Legendary investor Irving Kahn died on Tuesday. Kahn was a student of Ben Graham and the founder of Kahn Brothers. Kahn even assisted Graham on the classic book, “Security Analysis.” Kahn is one of the original CFAs and he took the exam the first time it was offered in 1963.
“I prefer to be slow and steady,” Kahn said in a 2014 interview with the U.K. Telegraph. “I study companies and think about what they might return over, say, four or five years. If a stock goes down, I have time to weather the storm, maybe buy more at the lower price. If my arguments for the investment haven’t changed, then I should like the stock even more when it goes down.”
“I learned from Ben Graham that one could study financial statements to find stocks that were a ‘dollar selling for 50 cents,’” Kahn told the Telegraph. “He called this the ‘margin of safety’ and it’s still the most important concept related to risk.”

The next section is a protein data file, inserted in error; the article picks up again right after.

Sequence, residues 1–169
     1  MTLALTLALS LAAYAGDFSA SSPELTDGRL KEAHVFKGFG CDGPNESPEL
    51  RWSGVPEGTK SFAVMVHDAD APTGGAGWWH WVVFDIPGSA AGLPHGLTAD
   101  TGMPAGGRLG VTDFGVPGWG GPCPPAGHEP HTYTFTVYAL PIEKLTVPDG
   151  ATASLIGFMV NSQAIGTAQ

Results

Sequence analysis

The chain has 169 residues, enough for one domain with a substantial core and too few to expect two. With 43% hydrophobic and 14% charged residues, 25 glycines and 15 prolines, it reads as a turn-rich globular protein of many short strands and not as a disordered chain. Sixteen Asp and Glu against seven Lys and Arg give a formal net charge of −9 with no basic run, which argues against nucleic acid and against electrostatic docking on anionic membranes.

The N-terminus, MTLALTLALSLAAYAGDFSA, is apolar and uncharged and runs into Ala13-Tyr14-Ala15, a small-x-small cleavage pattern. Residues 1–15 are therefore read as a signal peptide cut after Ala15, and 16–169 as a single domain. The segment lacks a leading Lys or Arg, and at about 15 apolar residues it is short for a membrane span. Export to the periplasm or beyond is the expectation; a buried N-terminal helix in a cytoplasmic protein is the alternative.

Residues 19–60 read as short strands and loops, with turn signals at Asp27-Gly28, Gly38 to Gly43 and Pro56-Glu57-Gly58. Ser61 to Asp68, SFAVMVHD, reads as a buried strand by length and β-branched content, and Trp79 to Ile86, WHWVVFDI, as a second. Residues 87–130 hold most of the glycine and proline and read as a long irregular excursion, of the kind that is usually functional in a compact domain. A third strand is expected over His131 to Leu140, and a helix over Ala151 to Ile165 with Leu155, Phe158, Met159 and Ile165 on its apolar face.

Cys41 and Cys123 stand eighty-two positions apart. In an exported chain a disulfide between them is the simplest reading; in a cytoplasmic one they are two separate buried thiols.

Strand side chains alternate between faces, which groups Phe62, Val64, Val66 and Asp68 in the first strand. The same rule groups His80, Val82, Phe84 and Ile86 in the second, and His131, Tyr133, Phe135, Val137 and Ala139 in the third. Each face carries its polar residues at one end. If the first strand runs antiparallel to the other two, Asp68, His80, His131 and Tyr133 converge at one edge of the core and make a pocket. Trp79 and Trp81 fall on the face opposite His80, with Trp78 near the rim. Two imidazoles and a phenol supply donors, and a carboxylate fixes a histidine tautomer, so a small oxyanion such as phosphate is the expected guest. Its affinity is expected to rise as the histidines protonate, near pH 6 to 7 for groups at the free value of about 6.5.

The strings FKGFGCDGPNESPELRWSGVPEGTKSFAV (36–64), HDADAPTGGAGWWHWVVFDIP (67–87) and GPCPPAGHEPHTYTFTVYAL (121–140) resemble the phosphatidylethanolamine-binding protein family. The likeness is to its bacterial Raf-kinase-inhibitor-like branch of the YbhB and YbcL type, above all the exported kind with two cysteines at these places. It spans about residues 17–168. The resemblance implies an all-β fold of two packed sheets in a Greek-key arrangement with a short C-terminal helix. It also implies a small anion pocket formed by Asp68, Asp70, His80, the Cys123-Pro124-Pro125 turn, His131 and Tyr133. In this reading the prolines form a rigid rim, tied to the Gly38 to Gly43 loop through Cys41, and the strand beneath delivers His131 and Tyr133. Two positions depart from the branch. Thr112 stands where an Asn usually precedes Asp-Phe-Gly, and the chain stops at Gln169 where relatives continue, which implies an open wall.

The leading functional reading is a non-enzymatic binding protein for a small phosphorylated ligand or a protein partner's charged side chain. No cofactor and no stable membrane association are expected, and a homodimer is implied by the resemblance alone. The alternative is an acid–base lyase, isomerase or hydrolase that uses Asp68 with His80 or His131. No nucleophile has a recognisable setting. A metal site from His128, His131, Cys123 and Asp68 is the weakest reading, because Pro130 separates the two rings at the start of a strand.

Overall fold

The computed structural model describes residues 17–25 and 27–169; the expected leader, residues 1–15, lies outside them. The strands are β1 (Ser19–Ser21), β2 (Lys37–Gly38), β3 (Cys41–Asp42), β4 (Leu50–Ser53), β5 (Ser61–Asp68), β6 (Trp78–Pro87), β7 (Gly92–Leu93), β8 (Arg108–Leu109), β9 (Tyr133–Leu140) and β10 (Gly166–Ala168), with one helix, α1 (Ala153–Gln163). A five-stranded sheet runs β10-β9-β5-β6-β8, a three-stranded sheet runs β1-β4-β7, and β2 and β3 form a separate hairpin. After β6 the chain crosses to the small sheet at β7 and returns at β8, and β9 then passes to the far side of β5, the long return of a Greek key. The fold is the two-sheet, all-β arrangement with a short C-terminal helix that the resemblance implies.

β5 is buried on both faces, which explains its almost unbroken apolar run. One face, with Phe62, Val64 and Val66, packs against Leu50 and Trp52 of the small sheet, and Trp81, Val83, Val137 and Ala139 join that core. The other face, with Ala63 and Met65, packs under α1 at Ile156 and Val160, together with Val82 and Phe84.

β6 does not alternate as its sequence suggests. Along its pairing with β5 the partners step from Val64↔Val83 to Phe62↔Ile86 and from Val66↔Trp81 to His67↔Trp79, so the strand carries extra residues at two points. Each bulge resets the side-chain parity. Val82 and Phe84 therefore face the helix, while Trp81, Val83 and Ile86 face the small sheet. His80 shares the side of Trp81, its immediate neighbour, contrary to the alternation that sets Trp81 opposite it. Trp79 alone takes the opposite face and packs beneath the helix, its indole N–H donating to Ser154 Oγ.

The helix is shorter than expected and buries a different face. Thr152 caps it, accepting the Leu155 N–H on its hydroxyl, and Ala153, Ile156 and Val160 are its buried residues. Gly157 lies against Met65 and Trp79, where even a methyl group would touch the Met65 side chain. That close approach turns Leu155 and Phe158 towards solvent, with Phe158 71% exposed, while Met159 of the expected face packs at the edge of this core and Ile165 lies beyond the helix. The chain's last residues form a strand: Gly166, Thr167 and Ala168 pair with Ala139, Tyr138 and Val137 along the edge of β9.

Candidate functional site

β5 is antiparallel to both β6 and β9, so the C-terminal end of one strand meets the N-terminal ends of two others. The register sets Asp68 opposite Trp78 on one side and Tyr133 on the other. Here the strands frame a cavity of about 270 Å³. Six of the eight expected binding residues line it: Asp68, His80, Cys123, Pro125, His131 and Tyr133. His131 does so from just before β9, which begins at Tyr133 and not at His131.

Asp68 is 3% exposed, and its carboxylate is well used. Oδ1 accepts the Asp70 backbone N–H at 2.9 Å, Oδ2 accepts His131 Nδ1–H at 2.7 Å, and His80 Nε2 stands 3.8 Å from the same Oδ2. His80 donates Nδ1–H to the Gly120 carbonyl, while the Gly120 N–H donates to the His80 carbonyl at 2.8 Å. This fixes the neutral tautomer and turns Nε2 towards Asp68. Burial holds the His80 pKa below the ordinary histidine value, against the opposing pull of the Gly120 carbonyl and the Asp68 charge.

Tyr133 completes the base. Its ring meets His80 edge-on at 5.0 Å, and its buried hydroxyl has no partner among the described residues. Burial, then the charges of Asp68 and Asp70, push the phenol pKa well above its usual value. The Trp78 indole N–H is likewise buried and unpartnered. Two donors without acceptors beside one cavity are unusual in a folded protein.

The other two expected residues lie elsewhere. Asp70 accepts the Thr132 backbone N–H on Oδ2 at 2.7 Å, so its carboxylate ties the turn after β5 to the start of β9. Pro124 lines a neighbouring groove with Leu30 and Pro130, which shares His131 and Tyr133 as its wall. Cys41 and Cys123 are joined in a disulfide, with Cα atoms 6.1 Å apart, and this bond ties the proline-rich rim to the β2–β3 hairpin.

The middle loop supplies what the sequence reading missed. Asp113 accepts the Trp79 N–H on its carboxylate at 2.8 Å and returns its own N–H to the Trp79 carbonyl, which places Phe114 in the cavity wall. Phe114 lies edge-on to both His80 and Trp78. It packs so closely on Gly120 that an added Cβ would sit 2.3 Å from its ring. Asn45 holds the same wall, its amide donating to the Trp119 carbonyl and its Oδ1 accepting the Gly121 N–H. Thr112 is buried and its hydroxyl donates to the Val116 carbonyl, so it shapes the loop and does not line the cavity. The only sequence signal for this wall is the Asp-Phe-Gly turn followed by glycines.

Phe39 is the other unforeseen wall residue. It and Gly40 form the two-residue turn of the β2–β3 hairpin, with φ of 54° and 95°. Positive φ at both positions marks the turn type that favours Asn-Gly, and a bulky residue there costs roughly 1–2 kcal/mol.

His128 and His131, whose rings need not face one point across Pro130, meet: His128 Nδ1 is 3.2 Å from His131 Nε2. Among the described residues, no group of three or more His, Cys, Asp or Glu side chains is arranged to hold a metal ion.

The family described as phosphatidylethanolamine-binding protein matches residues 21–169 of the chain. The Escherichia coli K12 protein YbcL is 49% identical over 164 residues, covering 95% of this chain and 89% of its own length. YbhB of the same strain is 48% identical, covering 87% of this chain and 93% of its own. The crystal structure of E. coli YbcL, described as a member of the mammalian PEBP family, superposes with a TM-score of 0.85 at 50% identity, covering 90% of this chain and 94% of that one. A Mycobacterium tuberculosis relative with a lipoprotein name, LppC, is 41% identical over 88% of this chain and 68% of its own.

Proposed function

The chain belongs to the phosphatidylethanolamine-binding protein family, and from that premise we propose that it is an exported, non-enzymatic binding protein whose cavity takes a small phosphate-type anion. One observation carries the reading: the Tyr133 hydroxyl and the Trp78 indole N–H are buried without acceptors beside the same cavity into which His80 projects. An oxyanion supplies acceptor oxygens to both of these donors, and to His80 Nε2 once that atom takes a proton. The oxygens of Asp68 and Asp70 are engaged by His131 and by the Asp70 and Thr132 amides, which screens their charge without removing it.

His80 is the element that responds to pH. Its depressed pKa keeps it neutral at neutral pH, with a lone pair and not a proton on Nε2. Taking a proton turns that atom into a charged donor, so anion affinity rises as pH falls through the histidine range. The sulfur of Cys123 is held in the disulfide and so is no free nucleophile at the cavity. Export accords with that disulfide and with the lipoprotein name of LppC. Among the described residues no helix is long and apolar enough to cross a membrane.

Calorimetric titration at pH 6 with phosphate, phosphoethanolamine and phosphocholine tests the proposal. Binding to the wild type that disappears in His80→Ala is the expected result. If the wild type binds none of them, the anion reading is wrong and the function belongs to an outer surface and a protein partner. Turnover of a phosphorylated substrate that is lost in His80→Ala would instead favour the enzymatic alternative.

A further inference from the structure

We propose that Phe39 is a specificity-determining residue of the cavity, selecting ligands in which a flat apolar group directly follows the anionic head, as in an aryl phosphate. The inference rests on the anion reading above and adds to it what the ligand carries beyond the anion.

“I would recommend that private investors tune out the prevailing views they hear on the radio, television and the internet. They are not helpful. People say ‘buy low, sell high’, but you cannot do this if you are following the herd.”
“You must have the discipline and temperament to resist your impulses. Human beings have precisely the wrong instincts when it comes to the markets. If you recognise this, you can resist the urge to buy into a rally and sell into a decline. It’s also helpful to remember the power of compounding. You don’t need to stretch for returns to grow your capital over the course of your life.”
Irving Kahn was 109 years old.